Tom Miller served as Philomath Fire & Rescue chief since February 2016. (Photo by Brad Fuqua/Philomath News)

Philomath Fire & Rescue’s board of directors officially parted ways with Tom Miller as the fire chief on Monday afternoon with its approval of a “separation agreement” and the appointment of Chancy Ferguson to fill those responsibilities on an interim basis.

Miller said that after meeting on Friday with board chair Daphne Phillips and board member Doug Edmonds, he resigned from the position he’s held since February 2016 through the acceptance of the separation agreement’s terms.

In a statement, the board said the decision was mutual and added, “We thank him for his many contributions and wish him well in all his future endeavors. We look forward to working with Interim Chief Chancy Ferguson and the rest of the staff and volunteers at Philomath Fire as we continue to move forward as a team.”

The move occurs following a dispute that’s been ongoing for several months in the aftermath of Miller’s decision to staff personnel at the district’s Wren substation. The Philomath Fire & Rescue Volunteer Association and Philomath Firefighters International Association of Fire Fighters Local 4925 both voiced various concerns.

Earlier this summer, the volunteer association and the union announced that each membership had approved votes of no confidence in the fire chief’s leadership. The union also filed an unfair labor practice complaint against the district with a settlement reached last month. The board, meanwhile, enlisted the help of the Special Districts Association of Oregon (SDAO) to perform a human resources “review of accusations of retaliatory actions” and to bring in a consultant to “review district operations.”

Miller, 57, said he’s not sure what his next move might be in terms of his career.

“Right now it’s wide open … I’m just trying to do some re-evaluation, think about things and kinda go from there,” Miller said.

The board plans to meet in the near future to figure out its next moves in the process to hire a permanent fire chief.

Miller, who has lived in places like California and Texas before coming to Oregon six years ago for the fire chief’s position, said he and his wife might stay in Philomath if an opportunity comes up.

Asked to look back on his time at Philomath Fire & Rescue, Miller named various accomplishments that he said his team achieved — passage of a bond measure, a major station remodeling project, replacement of aging apparatus and equipment, improved Insurance Services Office rating within the district, staff increases and an increased emphasis on training.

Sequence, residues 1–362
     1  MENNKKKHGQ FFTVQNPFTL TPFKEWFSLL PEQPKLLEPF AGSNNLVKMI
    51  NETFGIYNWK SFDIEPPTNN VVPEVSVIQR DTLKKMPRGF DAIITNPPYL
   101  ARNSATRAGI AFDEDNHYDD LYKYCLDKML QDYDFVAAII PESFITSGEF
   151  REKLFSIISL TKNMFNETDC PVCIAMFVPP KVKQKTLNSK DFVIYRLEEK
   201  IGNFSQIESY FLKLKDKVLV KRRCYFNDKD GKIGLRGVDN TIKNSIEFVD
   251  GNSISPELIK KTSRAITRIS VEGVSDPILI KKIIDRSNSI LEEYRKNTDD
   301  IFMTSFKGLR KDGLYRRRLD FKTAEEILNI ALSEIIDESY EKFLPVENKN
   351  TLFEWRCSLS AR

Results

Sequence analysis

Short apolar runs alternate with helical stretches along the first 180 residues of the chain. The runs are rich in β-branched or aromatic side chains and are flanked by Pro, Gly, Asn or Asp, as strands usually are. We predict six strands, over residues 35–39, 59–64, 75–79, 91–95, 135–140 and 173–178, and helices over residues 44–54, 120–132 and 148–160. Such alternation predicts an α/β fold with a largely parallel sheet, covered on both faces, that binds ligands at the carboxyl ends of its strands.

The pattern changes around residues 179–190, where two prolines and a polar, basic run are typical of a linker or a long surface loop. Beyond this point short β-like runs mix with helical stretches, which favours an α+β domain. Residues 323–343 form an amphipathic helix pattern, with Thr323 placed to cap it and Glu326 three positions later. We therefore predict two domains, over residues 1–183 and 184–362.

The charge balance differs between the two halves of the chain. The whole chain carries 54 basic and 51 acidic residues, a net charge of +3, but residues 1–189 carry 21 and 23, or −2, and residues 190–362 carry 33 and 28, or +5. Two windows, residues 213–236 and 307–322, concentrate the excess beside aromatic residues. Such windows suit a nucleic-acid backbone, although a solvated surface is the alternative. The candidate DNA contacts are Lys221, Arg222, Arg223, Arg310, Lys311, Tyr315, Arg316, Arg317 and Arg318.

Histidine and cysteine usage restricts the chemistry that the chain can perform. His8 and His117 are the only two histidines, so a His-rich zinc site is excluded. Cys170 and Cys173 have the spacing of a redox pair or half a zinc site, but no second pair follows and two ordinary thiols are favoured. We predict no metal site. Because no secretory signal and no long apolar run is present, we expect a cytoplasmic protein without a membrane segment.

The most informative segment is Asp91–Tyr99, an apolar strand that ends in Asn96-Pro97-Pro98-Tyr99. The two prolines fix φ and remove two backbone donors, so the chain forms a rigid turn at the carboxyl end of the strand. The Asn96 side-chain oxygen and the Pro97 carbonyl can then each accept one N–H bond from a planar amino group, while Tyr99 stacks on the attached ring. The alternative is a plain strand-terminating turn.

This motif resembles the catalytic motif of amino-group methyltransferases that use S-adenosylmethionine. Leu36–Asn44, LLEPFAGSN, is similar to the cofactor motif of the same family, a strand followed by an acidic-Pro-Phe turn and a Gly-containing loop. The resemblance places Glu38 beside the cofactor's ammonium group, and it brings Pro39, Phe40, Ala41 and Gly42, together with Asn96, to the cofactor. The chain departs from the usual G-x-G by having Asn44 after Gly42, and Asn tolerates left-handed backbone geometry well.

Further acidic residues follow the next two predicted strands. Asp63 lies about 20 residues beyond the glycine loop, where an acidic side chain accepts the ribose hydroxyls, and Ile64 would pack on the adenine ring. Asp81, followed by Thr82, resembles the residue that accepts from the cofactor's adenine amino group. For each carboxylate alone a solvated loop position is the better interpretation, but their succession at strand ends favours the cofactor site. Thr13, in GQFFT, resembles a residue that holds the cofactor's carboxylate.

“We upgraded training by leaps and bounds … our folks are way better trained now,” Miller said. “Chancy has them out there every day doing something.”

In addition, Miller said the district was able to increase employee wages.

“We brought up our wages to be more competitive with other areas so that we could cut back on turnover,” Miller said. “All of our personnel now have been there for four years or longer.”

Miller also mentioned the increase in the number of resident volunteers and responders in rural areas. However, he said he continues to be concerned about Wren residents with the Station 202 situation.

The substation had been staffed during the summer months through temporary employees hired through the district’s receipt of an Oregon State Fire Marshal grant.

“I’d say my biggest regret is just not getting Wren staffed appropriately and having to walk out on the Kings Valley agreement,” Miller said. “I’m worried about those folks and the response they’re getting out there … they pay the same taxes as people in town.”

The agreement signed this summer between the two districts outlined expectations related to Station 202 staffing.

“I’ll have fond memories of this place because we accomplished a lot,” Miller said. “We improved things a lot and I’m very proud of our team and our personnel because I couldn’t have done it myself obviously.”

Asked if there was a point in time that forced Miller to question his future in the district, he said the no-confidence votes by the volunteer association and union had an impact on this thinking.

“Yeah, that was definitely something that made me re-evaluate things that were required of myself and my future,” Miller said.

At the meeting on Monday, Ferguson shared a few comments about his approach moving forward.

“I look at this interim position as all of us sitting here as a team,” Ferguson said during the board meeting with an audience of staff members and volunteers filling seats. “As firefighters, our most basic job is to do what? … It’s to solve problems and to tackle that problem with an aggressive plan.”

Ferguson mentioned the challenges at hand but expressed a feeling of confidence with the various skill sets.

“We’re going to face challenges every day, but we can get through those challenges, we really can,” Ferguson said. “And in the long run, we’ll be the better for it.”

Andy Louden, president of the volunteer association, said that he’s looking to working with new leadership.

“The association plans on supporting the board in their decision and look forward to working with the interim chief and the board getting the department back on its feet as we look toward the future,” Louden said.

Union president Andrew Licon also expressed its support for the board’s decision to appoint Ferguson as interim chief.

The board’s votes on adopting the separation agreement and the Ferguson appointment passed by 4-0 counts (board member Joe Brier absent).

Brad Fuqua, Philomath News

Brad Fuqua has covered the Philomath area since 2014 as the editor of the now-closed Philomath Express and currently as publisher/editor of the Philomath News. He has worked as a professional journalist since 1988 at daily and weekly newspapers in Nebraska, Kansas, North Dakota, Arizona, Montana and Oregon.